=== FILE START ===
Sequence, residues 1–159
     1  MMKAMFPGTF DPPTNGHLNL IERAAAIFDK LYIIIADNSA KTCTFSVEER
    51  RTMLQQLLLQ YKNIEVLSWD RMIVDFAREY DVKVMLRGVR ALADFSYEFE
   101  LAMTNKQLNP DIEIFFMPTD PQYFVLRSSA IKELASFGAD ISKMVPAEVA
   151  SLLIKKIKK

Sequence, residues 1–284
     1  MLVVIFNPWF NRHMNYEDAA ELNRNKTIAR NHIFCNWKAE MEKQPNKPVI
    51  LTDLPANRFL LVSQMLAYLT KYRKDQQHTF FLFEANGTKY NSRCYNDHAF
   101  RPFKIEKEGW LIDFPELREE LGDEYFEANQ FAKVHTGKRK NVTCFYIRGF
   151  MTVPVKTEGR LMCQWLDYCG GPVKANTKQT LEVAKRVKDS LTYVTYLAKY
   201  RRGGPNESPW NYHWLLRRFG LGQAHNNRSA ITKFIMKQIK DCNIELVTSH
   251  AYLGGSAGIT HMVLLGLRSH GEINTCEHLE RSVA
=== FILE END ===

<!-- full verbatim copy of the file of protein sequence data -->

Sequence, residues 1–159
     1  MMKAMFPGTF DPPTNGHLNL IERAAAIFDK LYIIIADNSA KTCTFSVEER
    51  RTMLQQLLLQ YKNIEVLSWD RMIVDFAREY DVKVMLRGVR ALADFSYEFE
   101  LAMTNKQLNP DIEIFFMPTD PQYFVLRSSA IKELASFGAD ISKMVPAEVA
   151  SLLIKKIKK

Sequence, residues 1–284
     1  MLVVIFNPWF NRHMNYEDAA ELNRNKTIAR NHIFCNWKAE MEKQPNKPVI
    51  LTDLPANRFL LVSQMLAYLT KYRKDQQHTF FLFEANGTKY NSRCYNDHAF
   101  RPFKIEKEGW LIDFPELREE LGDEYFEANQ FAKVHTGKRK NVTCFYIRGF
   151  MTVPVKTEGR LMCQWLDYCG GPVKANTKQT LEVAKRVKDS LTYVTYLAKY
   201  RRGGPNESPW NYHWLLRRFG LGQAHNNRSA ITKFIMKQIK DCNIELVTSH
   251  AYLGGSAGIT HMVLLGLRSH GEINTCEHLE RSVA